French roulette


Top French Roulette Casino Games On the face of it, French Roulette does not appear any different from European Roulette, other than the number of possible outcomes. They both use the traditional Roulette wheel, with 36 random numbers and a single red 0 in the center. American Roulette however has an extra green 0 in the center, which means that there are a total of 37 possible outcomes, instead of the traditional 36. So how much difference there is in the game? Is there really any way to tell which version is better?

A simple rule of thumb would say that French Roulette has a lower house edge than European roulette because there are fewer hands dealt out. However, the difference between the two games is that players can choose their cards before they do the spinning of the wheel, which means that the house edge is slightly higher on the European version. The smaller size of the casino pools means that there are more hands dealt out per game. In a smaller pool, each player will receive only three cards, which is significantly less than the five cards on a table full of four players would have. Therefore, it is fair to say that the house edge on the American version is slightly higher than the house edge on the European version. This may not seem significant on paper, but when you consider the variations between the two games, the slight difference becomes noticeable.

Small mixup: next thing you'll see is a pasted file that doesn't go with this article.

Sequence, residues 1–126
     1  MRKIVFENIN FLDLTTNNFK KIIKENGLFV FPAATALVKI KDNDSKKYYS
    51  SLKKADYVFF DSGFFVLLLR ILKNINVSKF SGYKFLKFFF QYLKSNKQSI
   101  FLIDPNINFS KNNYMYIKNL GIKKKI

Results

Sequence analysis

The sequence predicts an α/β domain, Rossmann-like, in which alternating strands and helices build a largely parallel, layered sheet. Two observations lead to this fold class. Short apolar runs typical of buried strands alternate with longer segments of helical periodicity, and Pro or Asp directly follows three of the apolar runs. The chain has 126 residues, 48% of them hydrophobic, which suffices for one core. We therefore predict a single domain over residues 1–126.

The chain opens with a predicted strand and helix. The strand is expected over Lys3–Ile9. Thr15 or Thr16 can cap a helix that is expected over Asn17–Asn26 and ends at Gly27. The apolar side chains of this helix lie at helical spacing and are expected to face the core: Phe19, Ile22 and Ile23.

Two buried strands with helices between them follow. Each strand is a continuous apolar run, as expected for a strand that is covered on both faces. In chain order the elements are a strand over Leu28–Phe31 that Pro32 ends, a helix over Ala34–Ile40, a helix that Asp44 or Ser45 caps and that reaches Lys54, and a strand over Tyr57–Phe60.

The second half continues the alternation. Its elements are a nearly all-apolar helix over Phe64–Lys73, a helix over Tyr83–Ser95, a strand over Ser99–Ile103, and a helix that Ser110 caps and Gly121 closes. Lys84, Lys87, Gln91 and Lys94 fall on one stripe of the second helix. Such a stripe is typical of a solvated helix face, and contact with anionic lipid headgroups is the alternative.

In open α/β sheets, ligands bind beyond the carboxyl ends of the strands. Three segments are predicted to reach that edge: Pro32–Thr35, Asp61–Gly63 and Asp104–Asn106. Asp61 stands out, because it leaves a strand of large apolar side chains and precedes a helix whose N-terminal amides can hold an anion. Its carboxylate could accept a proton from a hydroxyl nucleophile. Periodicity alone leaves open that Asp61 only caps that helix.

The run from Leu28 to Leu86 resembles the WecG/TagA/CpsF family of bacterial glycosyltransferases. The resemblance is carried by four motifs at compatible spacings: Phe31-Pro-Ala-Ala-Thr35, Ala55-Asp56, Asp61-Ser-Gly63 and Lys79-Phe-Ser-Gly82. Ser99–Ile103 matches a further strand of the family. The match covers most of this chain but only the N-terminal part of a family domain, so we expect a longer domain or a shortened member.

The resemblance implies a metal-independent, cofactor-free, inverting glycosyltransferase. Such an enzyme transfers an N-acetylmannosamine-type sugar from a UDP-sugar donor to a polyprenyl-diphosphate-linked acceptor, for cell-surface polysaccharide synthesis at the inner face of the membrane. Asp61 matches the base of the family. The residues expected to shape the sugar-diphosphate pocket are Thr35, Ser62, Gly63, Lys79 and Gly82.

One of the most popular Roulettes in casinos, is the Para Roule, which is named after the street in southern France where it originated: the famous street in England, known as the Para Park. It is impossible to determine exactly where the term ‘para roule’ originates, but many people think that it was created by a French gambler who thought it was an alternative spelling of the English word ‘roulette’. In either case, the French version has remained virtually the same for centuries and is now used in virtually every country where it is legal. French roulette is, without a doubt, one of the most well rounded casino games around, with a steep learning curve and a large house edge, but its popularity means that even those with little or no experience can play it; the American version remains very hard to master.